(Literary Essentials: Christian Fiction and Nonfiction)

When David Friedrich Strauss published The Life of Jesus Critically Examined, there were two ways in which the life of Jesus was commonly interpreted. The traditional approach, followed by many, including J. T. Beck at the University of Tübingen in Germany, was to simply take the Gospels at face value. Even though many of the events in the Gospels were contrary to modern understandings of the natural world, readers were called on to accept them through faith. Therefore the supernatural events in the Gospels, such as virgin birth, miracles, and the resurrection of the dead, were taken literally.

The second approach was a rationalist one that often led to an outright rejection of the Gospels. In 1778, Hermann Samuel Reimarus’s Von dem Zwecke Jesu und seiner Jünger (The Goal of Jesus and His Disciples, 1970) began with the assumption that the supernatural events mentioned in the Gospels were simply incorrect perceptions or mistaken interpretations. Therefore the virgin birth must be explained by a young woman trying to cover up an unwanted pregnancy; the miracle of Jesus’ walking on water by confusion caused by fog hiding the shoreline, and the resurrection by the disciples’ removal of the body of Jesus. Reimarus sought to show that the aim of the disciples was a grand deception and that the role of Jesus was that of a deluded eschatological visionary. Heinrich Paulus followed in 1828 with his own rationalist life of Jesus, as did Karl Hase in 1829.

In The Life of Jesus Critically Examined, Strauss sought a middle ground between the traditional literalist view and the Enlightenment rationalist view. Four years earlier he had traveled to Berlin to study with the systematic theologian Friedrich Schleiermacher, who stressed that critical scholarship could be employed for the Church in a positive way. The key was to focus authority on the person of Jesus rather than on Scripture itself. As Schleiermacher’s Das Leben Jesu (1864; The Life of Jesus, 1975) would not be published for another thirty years, Strauss was the first to publish a major work incorporating this approach.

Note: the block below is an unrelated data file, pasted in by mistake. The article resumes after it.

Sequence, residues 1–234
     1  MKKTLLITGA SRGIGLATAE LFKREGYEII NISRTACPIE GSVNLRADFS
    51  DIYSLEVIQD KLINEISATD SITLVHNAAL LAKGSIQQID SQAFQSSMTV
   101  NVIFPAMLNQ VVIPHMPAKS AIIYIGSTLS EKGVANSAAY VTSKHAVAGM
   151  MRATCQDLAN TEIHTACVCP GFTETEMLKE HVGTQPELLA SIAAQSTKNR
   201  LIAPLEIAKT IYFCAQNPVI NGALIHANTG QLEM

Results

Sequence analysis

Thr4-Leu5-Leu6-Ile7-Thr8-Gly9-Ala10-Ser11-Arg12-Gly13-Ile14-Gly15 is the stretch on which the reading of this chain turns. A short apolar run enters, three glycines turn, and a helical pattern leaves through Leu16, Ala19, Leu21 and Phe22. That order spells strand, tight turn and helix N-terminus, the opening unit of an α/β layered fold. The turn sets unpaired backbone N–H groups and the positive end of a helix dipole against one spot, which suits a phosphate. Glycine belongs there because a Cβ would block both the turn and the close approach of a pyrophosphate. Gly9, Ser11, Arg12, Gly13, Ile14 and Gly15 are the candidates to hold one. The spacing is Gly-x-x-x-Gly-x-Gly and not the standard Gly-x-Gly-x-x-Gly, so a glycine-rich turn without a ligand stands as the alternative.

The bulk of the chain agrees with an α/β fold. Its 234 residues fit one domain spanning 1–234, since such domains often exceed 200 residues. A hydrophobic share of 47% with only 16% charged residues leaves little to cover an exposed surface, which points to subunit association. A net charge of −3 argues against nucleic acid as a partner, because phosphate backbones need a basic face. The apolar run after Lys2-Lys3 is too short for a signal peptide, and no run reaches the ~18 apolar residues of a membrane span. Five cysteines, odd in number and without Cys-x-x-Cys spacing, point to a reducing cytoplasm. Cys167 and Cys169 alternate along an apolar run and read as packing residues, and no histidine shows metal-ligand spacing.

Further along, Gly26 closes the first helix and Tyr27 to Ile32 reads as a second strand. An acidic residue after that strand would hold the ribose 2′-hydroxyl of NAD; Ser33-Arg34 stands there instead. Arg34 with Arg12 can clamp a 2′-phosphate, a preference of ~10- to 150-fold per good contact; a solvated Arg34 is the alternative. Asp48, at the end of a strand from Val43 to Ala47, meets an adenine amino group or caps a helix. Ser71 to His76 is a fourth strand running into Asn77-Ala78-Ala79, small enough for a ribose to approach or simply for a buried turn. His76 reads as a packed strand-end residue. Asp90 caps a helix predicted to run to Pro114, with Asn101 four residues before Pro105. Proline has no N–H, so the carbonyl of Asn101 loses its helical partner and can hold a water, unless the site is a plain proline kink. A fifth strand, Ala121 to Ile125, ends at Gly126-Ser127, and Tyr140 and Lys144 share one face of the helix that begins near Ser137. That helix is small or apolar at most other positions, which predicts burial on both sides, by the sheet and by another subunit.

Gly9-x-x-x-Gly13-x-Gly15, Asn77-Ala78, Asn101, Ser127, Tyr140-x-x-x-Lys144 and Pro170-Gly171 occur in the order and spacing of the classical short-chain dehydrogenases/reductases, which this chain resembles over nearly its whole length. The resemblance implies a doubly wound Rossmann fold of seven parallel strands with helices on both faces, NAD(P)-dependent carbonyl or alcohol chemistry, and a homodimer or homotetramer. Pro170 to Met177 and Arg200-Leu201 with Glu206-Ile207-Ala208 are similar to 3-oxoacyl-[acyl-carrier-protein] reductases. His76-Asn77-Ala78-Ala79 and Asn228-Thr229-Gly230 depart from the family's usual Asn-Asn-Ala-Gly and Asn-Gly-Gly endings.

Strauss had hoped to study with the philosopher Georg Wilhelm Friedrich Hegel, but he arrived in Berlin in 1831 to news that the philosopher was on his deathbed, and his goal was never fulfilled. One of Strauss’s earlier teachers, Ferdinand Christian Bauer, had taken Hegel’s dialectical approach to explain the...

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(Literary Essentials: Christian Fiction and Nonfiction)

Sources for Further Study

Borg, Marcus. “David Friedrich Strauss: Miracle and Myth.” The Fourth R 4, no. 3 (May/June 1991). Borg treats the miracle of the multiplication of loaves and fishes to illustrate Strauss’s approach to miracle and myth.

Grant, Robert M., and David Tracy. A Short History of the Interpretation of the Bible. Rev. ed. London: SCM, 1996. Historical survey of approaches to biblical interpretation. Chapters 12 and 13 treat the nineteenth century.

Harris, Horton. David Friedrich Strauss and His Theology. Cambridge, England: Cambridge University Press, 1973. Described by the author as a theological biography with a survey of Strauss’s career and an assessment of his theology. Includes numerous quotations from correspondence of Strauss’s contemporaries.

Krentz, Edgar. The Historical-Critical Method. Philadelphia: Fortress Press, 1975. Discusses the roots of modern historical criticism in the Renaissance, Reformation, and Enlightenment. Strauss is treated briefly.

Schweitzer, Albert. The Quest for the Historical Jesus. Edited by John Bowden. Minneapolis, Minn.: Fortress, 2001. Originally published in 1906, this is considered the next significant work on the life of Jesus after that of Strauss, which is critiqued directly in chapters 7 and 8.